The banks were all bankrupt—and in 2008, people realized it.

After the panic, the regulators—that is, the Federal Reserve and the Treasury Department—did not do what they should have: They instead tried to prop up all the banks, and sweep the problems under a flood of money.

That is where we are today: The problems have been flooded with money—but the problems of insolvency have not gone away.


  1. So now where does it end? Tim G. has made it all too clear that he's prepared to threaten armageddon if the debt charade doesn't continue. Is QE3 a foregone conclusion? Or some kind of stealth continuation of QE2?

    The TEN PM Tutorial is great stuff btw, especially on bond questions, because I understood little about them.

  2. Back when the market crashed and woke me out of my blissful slumber, I came across this video which helped me to better understand exactly what led to the collapse. Figured I'd share it here in case anyone wanted a visual representation of what you just explained.

  3. Gonzalo, I think that in your post there are some "typos":

    The kink in the system was, Mortgage Backed Securities depended on housing prices not falling. So long as they did not fall in price, the...

    After the panic, the regulators—that is, the Federal Reserve and the Treasury Department—did not do what they should have: ...



  4. Please, you left out that Fannie May and Freddie Mac were buying a huge number of mortgages.
    Their mortgage buying criteria being that the worse the ability of the mortgagor to pay back the mortgage the better.
    This criteria was imposed by the Federal Government, starting during the Clinton administration.
    It didn't take long for mortgage brokers and bankers to figure out that they had a sucker that would buy all the junk mortgages that they could write.
    Clinton and liberals call this behavior "social justice".

  5. You defined Credit Default Swaps but didn't expand on their role in the GFC.

    I would like to know why those providing this "insurance" didn't pay up when the insured event (default) occurred - after all, they were the ones who had pocketed the premiums on this insurance while things were fine, not the taxpayers. Have any CDS's been claimed and paid as a result of MBS defaults?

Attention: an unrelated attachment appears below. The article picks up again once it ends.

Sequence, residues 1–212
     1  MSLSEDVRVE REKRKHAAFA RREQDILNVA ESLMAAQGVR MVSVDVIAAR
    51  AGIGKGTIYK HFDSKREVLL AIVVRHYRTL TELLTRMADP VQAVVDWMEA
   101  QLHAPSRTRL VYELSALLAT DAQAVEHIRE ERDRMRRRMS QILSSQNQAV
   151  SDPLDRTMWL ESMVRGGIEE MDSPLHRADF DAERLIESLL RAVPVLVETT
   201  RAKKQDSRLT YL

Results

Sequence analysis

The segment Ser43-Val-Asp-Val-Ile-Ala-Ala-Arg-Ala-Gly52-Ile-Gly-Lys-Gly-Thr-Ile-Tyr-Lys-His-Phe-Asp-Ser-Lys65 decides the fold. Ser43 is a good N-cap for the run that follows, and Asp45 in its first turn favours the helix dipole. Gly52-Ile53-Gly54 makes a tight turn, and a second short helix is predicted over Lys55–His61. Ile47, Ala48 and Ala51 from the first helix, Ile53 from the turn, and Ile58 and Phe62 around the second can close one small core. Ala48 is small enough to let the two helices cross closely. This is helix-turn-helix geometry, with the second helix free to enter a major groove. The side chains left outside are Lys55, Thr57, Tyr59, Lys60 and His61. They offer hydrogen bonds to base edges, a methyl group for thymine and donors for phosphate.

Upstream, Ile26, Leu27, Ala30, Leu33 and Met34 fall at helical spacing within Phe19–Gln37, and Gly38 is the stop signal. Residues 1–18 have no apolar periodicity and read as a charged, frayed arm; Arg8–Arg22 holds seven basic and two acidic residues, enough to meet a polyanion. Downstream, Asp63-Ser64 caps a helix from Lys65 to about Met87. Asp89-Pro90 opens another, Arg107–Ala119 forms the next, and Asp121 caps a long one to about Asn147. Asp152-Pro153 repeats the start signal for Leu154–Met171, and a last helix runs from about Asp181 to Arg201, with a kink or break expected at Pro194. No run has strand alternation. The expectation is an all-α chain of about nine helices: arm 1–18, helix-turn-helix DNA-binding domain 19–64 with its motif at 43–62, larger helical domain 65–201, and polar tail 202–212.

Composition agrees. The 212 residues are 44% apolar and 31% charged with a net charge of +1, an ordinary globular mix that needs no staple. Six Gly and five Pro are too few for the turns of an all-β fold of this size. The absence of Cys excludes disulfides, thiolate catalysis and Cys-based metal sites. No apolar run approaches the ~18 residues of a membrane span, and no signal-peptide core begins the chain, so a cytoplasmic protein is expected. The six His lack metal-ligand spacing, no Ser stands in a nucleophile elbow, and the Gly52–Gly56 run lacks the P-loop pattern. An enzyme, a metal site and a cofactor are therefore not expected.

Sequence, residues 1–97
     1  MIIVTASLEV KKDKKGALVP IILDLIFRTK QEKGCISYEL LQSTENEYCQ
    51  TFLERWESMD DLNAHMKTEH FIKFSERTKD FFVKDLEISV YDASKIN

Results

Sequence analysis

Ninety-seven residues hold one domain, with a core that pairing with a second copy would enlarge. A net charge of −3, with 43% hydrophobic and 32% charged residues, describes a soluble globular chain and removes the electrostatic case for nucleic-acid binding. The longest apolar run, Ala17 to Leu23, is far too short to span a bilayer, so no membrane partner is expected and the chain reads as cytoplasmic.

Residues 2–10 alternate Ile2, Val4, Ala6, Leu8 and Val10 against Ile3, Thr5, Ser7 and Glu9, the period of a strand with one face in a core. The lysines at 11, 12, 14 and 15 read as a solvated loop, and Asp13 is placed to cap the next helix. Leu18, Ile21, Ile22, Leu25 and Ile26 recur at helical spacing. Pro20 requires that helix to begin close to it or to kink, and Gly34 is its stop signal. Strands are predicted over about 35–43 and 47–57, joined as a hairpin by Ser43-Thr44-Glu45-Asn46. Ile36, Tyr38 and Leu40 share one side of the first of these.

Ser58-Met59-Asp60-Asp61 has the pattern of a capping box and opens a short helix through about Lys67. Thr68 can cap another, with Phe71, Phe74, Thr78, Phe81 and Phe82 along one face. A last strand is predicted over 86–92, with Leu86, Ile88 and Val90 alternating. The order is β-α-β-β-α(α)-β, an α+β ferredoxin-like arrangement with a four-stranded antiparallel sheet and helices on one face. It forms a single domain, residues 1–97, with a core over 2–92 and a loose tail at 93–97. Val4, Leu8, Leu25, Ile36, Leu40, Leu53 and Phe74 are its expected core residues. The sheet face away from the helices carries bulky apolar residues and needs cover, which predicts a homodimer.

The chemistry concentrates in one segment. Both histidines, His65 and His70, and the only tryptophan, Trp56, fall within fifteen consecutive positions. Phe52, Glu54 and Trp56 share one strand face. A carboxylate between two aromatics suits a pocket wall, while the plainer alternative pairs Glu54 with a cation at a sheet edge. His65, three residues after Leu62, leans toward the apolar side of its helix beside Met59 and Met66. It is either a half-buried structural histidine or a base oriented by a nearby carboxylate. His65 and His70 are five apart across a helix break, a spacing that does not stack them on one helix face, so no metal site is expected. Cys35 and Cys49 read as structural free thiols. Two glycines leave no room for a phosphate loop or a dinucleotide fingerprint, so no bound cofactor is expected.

6. "It wasn’t the Mexican gardener’s fault—it was the loan providers’ fault."

    I would have left that out. While it may be argued that it's a matter of opinion, my opinion is that anyone who enters into an agreement that violates logic and common sense is at fault, Mexican gardner, evil mortgage provider, and greedy bankstas. (Shoulda let the teetering totter over the cliff and be done with all of it.)

    Thanks for taking the time with the tutorials - they are great.


  7. A couple of points you did not make.
    1)Congress forced banks and mortgage companies to make sub prime loans.
    2)Every subprime loan was fully insured. there should have been no loss to the owner of that paper. It was impossible to get a mortgage loan with less then 20% down without the insurance. What actually happened when the bubble burst was that the insurer defaulted on their contract. When the government bailed out banks and AIG they were trying to prevent the insurer from failing.

  8. GL, this article loses credibility when you don't mention the governments role in this chain of events. It should be acknowledged that institutions were forced to make these sub-prime loans at the threat of legislative penalties. It seems suspicious that you ignore such a drastic component of this crisis.

    I still enjoy the 10pm tutorial -keep pumping them out. Oh and the new rainbow background looks pretty gay man

  9. A new question from Kansas: If the US dollar is devalued formally, lets pick an easy number - 50%, what happens to our debt with the bank? Would my credit card debt with the Bank of American get cut by 50% too? would it stay the same?

    Historically, does debt get devalued when money is devalued at the bank?

  10. Gonzalo - not sure if you've seen it, but this PowerPoint presentation very succinctly sums up the entire Mortgage Mess: